An immediate end to hostilities would reduce Iran’s influence on the conflict, defuse the potential conflict with Hezbollah on Israel’s border with Lebanon, pave the way for Saudi Arabia, the region’s Arab powerhouse, to resume tenuous negotiations on recognition of Israel and, crucially, rekindle hope rather than despair among 5 million Palestinians in Gaza and the West Bank.
Another “no” to Israel would be the demand to end illegal Jewish settlement in the occupied territories and remove the new ones that have sprung up in recent years. This would probably bring down the Netanyahu government as its extreme coalition members withdraw their support. The effect would benefit Israel by forcing a rethink of its pathway to security and likely produce a more pragmatic government.
So where can Australia fit into the global picture of an essentially regional conflict?
The nation placed itself ever more firmly in the American camp when it signed up to Aukus and to purchasing American nuclear-powered submarines. Whatever the rights or wrongs of those decisions, it moved the nation even further away from the community of middle powers and non-aligned nations whose voices are heard more clearly and have more impact when spoken together.
On the other hand, it should have given Australia a more influential voice at the American top table and now it should use it.
It is in Australia’s trade and diplomatic interests to restore its credit among the Arab nations’ 400 million people, with economies worth two and a half trillion dollars.
That “friendly, trustworthy” perception of Australia of the 70s and 80s gave the nation influence beyond its size and remoteness.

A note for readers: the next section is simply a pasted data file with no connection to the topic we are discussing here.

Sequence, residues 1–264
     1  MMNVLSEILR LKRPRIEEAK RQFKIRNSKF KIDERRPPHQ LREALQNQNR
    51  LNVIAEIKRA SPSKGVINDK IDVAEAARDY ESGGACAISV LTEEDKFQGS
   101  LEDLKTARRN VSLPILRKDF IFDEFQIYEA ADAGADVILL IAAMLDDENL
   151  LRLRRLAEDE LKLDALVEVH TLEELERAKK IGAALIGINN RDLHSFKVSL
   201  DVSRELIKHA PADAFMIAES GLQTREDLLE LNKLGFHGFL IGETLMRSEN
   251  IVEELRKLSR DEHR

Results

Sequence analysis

There is a rare opportunity for a bold, imaginative and thoughtful foreign policy initiative in Australia’s grasp if it has the courage to take it. It may be wishful thinking given the state of domestic politics and the recent tack record of stumbling, cack-handed efforts towards our Pacific neighbours. But it is there to grasp.
A loyal, 70-year-long friendship with Israel must count for something, if only reassurance of a good intent.
Tighter defence arrangements with the US must surely afford Australia greater attention in the US Congress and the White House – otherwise what purpose is there in the arrangements?
So here lies opportunity.
Arab nations are looking for a way out of a widening regional conflict, one that advances rather than destroys Palestinian aspirations which lie at the core of so much instability.
Europe is struggling for a unified approach in the face of Germany’s historically based reluctance to utter criticisms of Israel.
Britain’s foreign secretary, Lord Cameron, has already opened one door by hinting at the possibility of recognising a Palestinian state before any final negotiations resolve borders, Palestinian claims on East Jerusalem and whether such an entity should join the 15 states with no military at all or another half dozen without standing armies.
Other middle-ranking powers are unable to get their voices heard for lack of unified leadership.
Unlike the US which can still speak softly and carry a big stick if so inclined, Australia cannot wield that sort of power. But a firm, wise, independent and – above all – courageous voice would be just as powerful in leading a global coalition willing to say no to Israel.
Saying no, as Netanyahu has pointed out, is possible while remaining a firm and loyal friend, as Australia has been for seven decades.
Israel’s best interests – and its security – will be best served by a unified international coalition of nations seeking to achieve a balanced, equitable resolution to this latest eruption of violence.
As we have seen in the 76 years since the birth of Israel, prospects for a resolution to the conflicting aspirations of Jews and Palestinians have tended to emerge from violent confrontations only to be dashed.
Australia, the US and the rest of the global community should now salvage opportunity from catastrophe.